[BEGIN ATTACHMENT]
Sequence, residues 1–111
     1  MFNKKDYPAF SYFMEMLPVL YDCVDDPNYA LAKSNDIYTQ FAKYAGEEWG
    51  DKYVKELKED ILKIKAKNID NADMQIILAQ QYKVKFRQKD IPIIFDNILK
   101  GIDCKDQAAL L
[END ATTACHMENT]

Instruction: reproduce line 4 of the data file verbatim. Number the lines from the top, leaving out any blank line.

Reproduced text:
   101  GIDCKDQAAL L